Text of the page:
European MedTech Forum

European MedTech Forum

Jürgen Schulze: Our current health provision is not sustainable



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Jürgen Schulze, Vice-Chairman of MedTech Europe, believes we have to face up to some harsh realities and get the conversations going – now

MedTech Europe

MTE: The World Economic Forum has said that ‘There has never been a time of greater promise, or one of greater potential peril. Today’s decision-makers, however, are too often trapped in traditional, linear thinking, or too absorbed by the multiple crises demanding their attention, to think strategically about the forces of disruption and innovation shaping our future.’ In light of this what can we actually achieve?

JS: I sincerely believe that we can make healthcare systems more sustainable and address challenges like rising healthcare costs, home care needs, the ageing population, and higher expectations for health services amongst European citizens. To achieve this, we need to move from the silo mentality we currently have in healthcare systems to outcomes-orientated systems. The medtech industry must be a key actor in creating this shift together with key stakeholders including patients, clinicians, payers and politicians.

So what’s holding us back?

The resistance of current national healthcare systems. We need high level and open-minded dialogues between key stakeholders at national levels and medtech industry representatives. The medtech industry, for its part, must be creative when it comes to changing existing business models.

How do we embrace the opportunities?

The medical device and in-vitro diagnostic industries have moved to one common industry association – MedTech Europe, representing medical technologies throughout the entire healthcare continuum. We are ready to talk about ‘outcome’ in a broader sense now. And we have started the dialogues already.

Who should drive future change?

It must be a common approach between key stakeholders: patients, clinicians, payers and policy makers. Industry may need to play a central role here.

‘The 4th Industrial revolution is characterized by a fusion of technologies that is blurring the lines between the physical, digital, and biological spheres’. What further disruption do you envisage?

Jürgen Schulze

Jürgen Schulze

Social health care systems are currently managed using an ‘expense and cost’ approach, with a silo mentality. The next disruption we envisage is the creation of healthcare systems where investment decisions are based on outcomes, also taking into considerations the impact on the quality of life of patients. Big data will provide transparency about the medical and economic outcomes of new treatments. The medtech industry will have to take a lead in this disruption.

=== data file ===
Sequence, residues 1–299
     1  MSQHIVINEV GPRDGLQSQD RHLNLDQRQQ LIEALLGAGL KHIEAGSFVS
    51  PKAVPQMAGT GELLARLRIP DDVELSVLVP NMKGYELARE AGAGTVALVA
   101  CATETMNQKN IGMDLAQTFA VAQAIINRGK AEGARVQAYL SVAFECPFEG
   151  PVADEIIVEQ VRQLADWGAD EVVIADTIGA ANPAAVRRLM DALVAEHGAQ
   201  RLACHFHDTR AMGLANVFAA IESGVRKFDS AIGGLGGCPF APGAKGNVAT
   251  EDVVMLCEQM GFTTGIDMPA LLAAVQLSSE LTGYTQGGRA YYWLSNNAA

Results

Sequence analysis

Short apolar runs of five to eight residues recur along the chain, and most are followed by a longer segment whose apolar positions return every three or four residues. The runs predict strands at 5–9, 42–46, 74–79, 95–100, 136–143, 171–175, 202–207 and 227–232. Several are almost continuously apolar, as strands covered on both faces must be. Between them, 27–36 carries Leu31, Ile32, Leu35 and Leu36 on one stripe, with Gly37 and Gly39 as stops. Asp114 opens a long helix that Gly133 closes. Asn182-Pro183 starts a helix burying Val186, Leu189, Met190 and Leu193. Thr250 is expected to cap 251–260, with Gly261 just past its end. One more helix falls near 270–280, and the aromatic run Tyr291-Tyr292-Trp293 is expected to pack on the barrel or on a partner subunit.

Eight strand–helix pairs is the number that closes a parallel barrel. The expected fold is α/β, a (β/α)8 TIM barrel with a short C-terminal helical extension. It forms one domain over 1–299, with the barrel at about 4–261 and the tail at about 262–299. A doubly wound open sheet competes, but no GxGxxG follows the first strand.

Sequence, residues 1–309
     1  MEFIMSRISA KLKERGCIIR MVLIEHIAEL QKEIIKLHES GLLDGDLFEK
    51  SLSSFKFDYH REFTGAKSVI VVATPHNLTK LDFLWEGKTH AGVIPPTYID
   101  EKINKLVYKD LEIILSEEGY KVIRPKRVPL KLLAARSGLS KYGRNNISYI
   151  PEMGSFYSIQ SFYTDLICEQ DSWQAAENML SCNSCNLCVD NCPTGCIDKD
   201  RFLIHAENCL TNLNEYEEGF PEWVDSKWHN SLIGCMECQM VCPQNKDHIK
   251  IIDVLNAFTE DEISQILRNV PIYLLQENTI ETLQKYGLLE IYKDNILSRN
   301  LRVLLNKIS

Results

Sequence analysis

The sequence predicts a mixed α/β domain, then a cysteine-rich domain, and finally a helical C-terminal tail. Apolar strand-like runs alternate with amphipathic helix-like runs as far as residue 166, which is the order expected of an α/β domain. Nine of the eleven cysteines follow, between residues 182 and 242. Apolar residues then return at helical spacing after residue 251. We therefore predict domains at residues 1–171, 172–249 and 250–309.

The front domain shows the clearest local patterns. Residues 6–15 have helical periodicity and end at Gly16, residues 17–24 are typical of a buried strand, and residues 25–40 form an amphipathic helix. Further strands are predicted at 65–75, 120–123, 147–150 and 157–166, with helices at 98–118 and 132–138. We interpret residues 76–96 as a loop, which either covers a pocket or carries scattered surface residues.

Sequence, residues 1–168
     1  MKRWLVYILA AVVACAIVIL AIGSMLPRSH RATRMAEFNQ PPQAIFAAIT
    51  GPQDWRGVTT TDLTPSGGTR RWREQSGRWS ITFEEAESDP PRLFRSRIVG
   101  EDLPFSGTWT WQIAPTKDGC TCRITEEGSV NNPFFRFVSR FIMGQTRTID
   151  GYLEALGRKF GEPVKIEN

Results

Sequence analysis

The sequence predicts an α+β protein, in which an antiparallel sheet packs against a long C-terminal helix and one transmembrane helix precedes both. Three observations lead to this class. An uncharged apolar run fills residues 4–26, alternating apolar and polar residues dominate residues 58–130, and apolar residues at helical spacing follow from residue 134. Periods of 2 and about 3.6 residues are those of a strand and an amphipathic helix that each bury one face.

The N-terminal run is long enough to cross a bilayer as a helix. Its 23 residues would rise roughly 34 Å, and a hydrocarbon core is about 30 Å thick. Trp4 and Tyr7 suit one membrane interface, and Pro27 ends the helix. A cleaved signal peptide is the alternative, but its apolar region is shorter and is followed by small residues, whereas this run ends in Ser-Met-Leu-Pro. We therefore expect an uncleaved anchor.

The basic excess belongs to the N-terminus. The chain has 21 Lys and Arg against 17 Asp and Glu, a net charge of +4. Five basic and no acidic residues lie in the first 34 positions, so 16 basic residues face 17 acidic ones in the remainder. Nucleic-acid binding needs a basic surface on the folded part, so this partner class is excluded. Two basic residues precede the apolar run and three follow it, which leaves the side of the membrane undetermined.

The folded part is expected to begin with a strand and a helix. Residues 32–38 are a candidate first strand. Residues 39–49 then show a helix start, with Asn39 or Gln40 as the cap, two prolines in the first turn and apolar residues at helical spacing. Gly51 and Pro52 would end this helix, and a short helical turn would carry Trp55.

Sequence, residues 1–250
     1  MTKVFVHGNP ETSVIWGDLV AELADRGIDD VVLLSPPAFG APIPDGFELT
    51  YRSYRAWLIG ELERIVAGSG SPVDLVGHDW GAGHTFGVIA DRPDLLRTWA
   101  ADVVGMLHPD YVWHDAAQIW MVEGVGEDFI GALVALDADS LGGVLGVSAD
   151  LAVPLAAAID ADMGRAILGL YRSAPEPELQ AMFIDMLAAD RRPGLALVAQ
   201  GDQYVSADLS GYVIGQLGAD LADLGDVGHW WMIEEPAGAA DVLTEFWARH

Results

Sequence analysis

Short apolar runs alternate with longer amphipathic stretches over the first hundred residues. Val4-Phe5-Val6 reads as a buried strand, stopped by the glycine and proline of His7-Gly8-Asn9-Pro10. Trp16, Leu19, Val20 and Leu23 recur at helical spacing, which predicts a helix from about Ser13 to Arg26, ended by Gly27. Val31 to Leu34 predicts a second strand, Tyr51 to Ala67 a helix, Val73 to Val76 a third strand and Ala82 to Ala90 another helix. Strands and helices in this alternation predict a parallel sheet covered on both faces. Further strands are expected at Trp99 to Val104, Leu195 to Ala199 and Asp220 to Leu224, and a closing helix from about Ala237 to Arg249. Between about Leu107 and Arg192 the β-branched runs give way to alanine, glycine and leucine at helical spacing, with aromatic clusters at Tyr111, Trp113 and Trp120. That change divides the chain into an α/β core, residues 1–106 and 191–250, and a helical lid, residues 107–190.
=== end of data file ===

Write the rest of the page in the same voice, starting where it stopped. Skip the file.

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How can we facilitate this?

The medtech industry and healthcare providers should cooperate closely to develop the appropriate IT infrastructure to monitor the medical and economic outcomes of new treatments, products and services, as well as carry out big data analysis. Payers and policy makers also need to support this new level of cooperation.

The 4th Industrial revolution is ‘changing our health and leading to a “quantified” self, and sooner than we think it may lead to human augmentation. The list is endless because it is bound only by our imagination.’ How can we think differently in terms of health provision?

I have asked young people about this, and I’m learning that our current health provision is not sustainable. From the many conversations I’ve had with clinicians, policy makers and payers, everyone expects major changes. The issue is that no one has a clear and overarching roadmap to propose yet. As I mentioned before, the industry is well positioned to kick-start all of these important conversations. On our way we will need to align with other key stakeholders and paint the bigger picture, all together.

Finally, what do you think history will make of this era?

This industrial revolution puts European citizens and patients at the centre of all healthcare activities. I hope this era will be remembered as a time when we were able to improve people’s quality of life, while making healthcare systems truly sustainable.

About the author

With well over 100 years experience between us, we've been around the editorial and medical blocks a few times. But we're still as keen as any young pup to root out what's new and inspiring.

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